"We are not poor people, we just don't have any money," she began, which made the group of politicians, academics and rural residents chuckle. "What I mean is that we are rich in culture, rich in natural resources, and rich in heritage," she explained. "We in the (San Luis) valley want to work and make our own way."

Valdez, whose speech was quoted in The New York Times, says the conference helped drum up high-level support for their cooperative. In June, Mike Dunn, head of rural economic and community development for the U.S. Department of Agriculture, came to the San Luis Valley to tour the slaughterhouse the San Luis ranchers hope to buy.

"We've been told the support is there and we're just flying," says Valdez. If all goes well, they could begin remodeling in as little as 18 months, she says, though they need to raise $100,000 in government grants for a feasibility study.

"We're not looking for handouts," says Valdez. "We just need a leg-up to get started."

Valdez says 60 producers in her area could supply beef to the cooperative processing plant. Her cattle, a brand called Blonde d'Aquitaine, tested at .02 and .09 percent fat. "They are the leanest meat you can get," boasts Valdez. Eventually, she'd like to see Conejos County cattle filling other niches for high-quality beef, in both organic and commercial markets.

The Farmer's Union is a perfect partner for San Luis ranchers, says Valdez. Both groups want to get family farms and ranches out from under control of the big processing industries. The union's Carter says four meat processors - IBP, Con Agra, Cargill and Farmland - hold 72 percent of the slaughter capacity in the United States.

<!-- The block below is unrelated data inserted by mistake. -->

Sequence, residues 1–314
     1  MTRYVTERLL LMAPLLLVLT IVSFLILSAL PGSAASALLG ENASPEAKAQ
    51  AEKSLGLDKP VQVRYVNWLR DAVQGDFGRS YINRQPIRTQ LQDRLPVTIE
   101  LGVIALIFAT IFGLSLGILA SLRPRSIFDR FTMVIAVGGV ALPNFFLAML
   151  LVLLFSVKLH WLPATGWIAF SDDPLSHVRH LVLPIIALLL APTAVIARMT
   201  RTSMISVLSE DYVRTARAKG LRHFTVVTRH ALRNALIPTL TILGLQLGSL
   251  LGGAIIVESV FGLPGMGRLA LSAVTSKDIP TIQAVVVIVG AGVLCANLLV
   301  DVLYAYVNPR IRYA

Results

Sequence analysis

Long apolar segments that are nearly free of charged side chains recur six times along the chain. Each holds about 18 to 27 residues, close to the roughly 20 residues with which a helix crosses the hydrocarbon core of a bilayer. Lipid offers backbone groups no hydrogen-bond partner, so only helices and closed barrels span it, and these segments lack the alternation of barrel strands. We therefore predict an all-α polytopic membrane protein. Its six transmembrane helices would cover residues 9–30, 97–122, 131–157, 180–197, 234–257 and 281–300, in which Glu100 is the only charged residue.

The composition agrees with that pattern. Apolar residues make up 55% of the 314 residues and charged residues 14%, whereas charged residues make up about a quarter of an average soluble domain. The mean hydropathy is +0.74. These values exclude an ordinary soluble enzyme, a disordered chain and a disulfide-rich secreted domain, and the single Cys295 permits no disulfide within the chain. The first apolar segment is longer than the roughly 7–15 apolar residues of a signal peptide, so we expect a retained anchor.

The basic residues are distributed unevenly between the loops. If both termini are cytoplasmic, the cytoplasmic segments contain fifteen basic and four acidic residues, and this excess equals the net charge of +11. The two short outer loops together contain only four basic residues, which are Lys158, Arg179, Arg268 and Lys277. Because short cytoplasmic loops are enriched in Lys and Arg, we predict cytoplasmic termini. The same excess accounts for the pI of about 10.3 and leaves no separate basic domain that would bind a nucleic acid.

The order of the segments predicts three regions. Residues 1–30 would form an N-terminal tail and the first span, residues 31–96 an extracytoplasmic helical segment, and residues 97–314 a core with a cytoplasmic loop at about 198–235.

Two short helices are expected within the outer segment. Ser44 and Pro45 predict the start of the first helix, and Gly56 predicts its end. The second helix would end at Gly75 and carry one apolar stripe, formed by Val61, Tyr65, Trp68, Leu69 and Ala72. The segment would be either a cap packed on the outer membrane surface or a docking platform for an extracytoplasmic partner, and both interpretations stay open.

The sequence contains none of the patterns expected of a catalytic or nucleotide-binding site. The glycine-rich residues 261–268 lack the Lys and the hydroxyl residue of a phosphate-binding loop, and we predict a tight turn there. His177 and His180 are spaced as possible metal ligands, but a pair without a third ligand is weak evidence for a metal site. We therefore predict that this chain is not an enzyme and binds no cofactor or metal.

"If producers are to compete in a marketplace dominated by large conglomerates, they must have the means to organize farmer-owned, value-added processing cooperatives," says Carter.

Colorado Farm Bureau spokesman Andrew Colosimo says that if cooperatives can narrow the gap between what a consumer pays for food and what it costs to produce it, the Farm Bureau isn't necessarily against the idea. But he's skeptical that cooperatives can compete against big business.

"Like it or not, the romantic vision of the family farm is no longer viable," says Colosimo. "They just can't make it any more. This is a business. You have to be able to provide to the consumer at the lowest cost."

Olive Valdez says her family doesn't have a particularly romantic vision of the family farm or ranch. They just don't want to leave the only life they've known.

"If we didn't love this way of life and love this valley, we'd get in our old pickup and say "Adios." But we love it and we want to stay. We want to earn a decent living. There's a sense of outrage inside me that good folks should have to live this way."

For more information, contact Olive Valdez, Box 84, Conejos, CO 81129, 719/376-5873, or the Rocky Mountain Farmer's Union at 800/373-7638.

Ron Baird works in Colorado for the Boulder Daily Camera. Staff reporter Elizabeth Manning contributed to this report.